Anavarathan: Deebo Samuel's rushing success opened up 49ers' second-half offensive display
As an offensive play designer, 49ers' Kyle Shanahan is considered among one of the best the NFL has to offer. Whether it was in Cleveland, Atlanta or San Francisco, Shanahan has been a grand master, moving his offensive skill players like pieces on a chess board, forcing opposing defenses into checkmate.
Yet, for even some of the best play designers, sometimes it's as simple as getting the ball into the hands into your quickest home run threats and allowing those players to make magic.
As the 2019 season wore on, San Francisco's receiving options became quite limited with injuries to Jalen Hurd and Trent Taylor, but rookie Deebo Samuel stepped up as a primary option for quarterback Jimmy Garoppolo.
Samuel's receiving numbers after Week 8 became eye-opening, as he piled up yards after the catch and garnered the attention of opposing defensive coordinators. He had three, 100-yard receiving games and five games of at least five receptions, whereas he only had one prior to that point.
One of the biggest reasons for his increased receiving production was actually his higher involvement in Shanahan's ground game. Between Weeks 1 - 8, Samuel only rushed the ball five times. Since that point in the season, he rushed the ball 15 times and added a pair of touchdowns.
To close out the regular season, Samuel had four games of at least 20 rushing yards in the final five games. Shanahan made a concerted effort to involve the rookie in the running game and it paid dividends late in the season.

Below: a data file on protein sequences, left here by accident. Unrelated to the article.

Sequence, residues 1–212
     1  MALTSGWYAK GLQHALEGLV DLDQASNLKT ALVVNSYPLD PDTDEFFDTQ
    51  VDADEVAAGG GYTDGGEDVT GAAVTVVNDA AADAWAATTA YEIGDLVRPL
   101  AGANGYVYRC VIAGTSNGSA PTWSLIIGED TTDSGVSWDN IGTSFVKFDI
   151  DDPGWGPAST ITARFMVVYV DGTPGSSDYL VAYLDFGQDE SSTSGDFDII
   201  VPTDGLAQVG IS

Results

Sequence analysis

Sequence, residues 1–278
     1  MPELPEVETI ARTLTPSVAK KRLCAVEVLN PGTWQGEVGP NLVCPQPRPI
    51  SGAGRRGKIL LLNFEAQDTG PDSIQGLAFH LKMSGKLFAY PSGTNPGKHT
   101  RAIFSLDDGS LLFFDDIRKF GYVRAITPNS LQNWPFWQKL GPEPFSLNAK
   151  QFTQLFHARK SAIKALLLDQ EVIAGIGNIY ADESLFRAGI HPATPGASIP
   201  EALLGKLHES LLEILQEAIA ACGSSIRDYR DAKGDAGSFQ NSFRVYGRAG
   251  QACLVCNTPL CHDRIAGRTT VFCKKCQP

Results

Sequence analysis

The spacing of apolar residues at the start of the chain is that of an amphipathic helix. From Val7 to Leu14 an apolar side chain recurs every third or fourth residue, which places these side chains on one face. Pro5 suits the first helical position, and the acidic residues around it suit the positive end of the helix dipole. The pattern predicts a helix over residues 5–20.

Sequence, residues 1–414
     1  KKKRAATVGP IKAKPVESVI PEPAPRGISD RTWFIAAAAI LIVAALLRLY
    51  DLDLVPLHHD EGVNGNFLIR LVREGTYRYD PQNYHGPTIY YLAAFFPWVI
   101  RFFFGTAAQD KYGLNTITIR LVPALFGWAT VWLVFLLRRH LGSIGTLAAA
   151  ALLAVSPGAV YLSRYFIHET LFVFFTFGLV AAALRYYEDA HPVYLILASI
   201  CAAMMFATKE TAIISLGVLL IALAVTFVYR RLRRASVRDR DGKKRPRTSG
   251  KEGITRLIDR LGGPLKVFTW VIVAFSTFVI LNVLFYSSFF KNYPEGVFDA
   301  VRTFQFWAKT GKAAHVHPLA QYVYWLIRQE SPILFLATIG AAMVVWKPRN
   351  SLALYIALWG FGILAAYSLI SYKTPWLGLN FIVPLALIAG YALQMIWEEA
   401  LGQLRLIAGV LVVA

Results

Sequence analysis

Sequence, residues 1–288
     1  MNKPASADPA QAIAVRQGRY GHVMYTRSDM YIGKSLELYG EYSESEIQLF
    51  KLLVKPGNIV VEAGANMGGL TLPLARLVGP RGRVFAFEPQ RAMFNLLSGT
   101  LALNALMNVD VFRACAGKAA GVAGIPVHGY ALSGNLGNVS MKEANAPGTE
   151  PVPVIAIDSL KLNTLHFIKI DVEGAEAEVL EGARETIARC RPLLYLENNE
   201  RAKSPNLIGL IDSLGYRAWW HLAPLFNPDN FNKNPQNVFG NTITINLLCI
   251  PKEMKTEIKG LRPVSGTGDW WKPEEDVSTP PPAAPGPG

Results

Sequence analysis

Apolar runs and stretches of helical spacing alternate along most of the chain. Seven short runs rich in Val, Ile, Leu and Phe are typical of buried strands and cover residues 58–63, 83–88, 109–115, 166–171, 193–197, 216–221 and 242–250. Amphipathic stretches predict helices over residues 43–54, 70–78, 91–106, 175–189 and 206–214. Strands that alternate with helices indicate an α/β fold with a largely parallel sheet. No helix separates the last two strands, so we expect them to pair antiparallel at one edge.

The 49ers' offensive staff also saved Samuel's best for the playoffs, as he averaged 17.0 yards per rush attempt in the postseason, while averaging a measly 11.4 yards per attempt in the regular season.
In the Super Bowl, Samuel gained 53 yards on the ground on three separate rushing attempts, yet Kyle Shanahan chose to go away from him late in the second half when the 49ers' offense was sputtering and looking for a spark.
Per Pro Football Focus, 69 of Samuel's 159 rushing yards came after contact, so he wasn't just a finesse runner, but a player that displayed physicality.
At a minimum of 10 rushing attempts, Samuel led all wide receivers with 11.4 yards per attempt. Under the same parameters, the 49ers' rookie also led the way in avoided tackles and yards after contact per rush. It's safe to say that his rushing dominance was on full display as a receiver.
The former South Carolina receiver also alluded to this during Wednesday's Zoom call with local Bay Area reporters, adding that Samuel and rookie Brandon Aiyuk could be interchangeable in San Francisco's offense, especially with jet-sweep motions and other running plays.
While Aiyuk wasn't known to be a rushing threat at Arizona State, his speed after the catch is visible on tape and I think that can easily translate to a rushing attack as well.
Imagine the plays that Shanahan will be able to design on the field, when he has Samuel and Aiyuk on the field together to go along with tight end George Kittle and the plethora of running backs the 49ers can offer.
(Cover Image: Scott Strazzante, San Francisco Chronicle)